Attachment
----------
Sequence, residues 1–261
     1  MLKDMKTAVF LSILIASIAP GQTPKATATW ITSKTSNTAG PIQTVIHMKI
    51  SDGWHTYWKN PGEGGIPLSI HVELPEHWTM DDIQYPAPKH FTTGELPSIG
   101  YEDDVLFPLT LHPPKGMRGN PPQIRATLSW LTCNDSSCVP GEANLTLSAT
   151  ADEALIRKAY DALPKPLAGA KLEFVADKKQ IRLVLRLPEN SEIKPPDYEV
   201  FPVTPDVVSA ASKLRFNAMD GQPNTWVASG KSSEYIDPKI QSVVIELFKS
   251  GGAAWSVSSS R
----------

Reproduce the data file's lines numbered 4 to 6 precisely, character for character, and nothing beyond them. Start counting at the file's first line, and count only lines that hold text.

   101  YEDDVLFPLT LHPPKGMRGN PPQIRATLSW LTCNDSSCVP GEANLTLSAT
   151  ADEALIRKAY DALPKPLAGA KLEFVADKKQ IRLVLRLPEN SEIKPPDYEV
   201  FPVTPDVVSA ASKLRFNAMD GQPNTWVASG KSSEYIDPKI QSVVIELFKS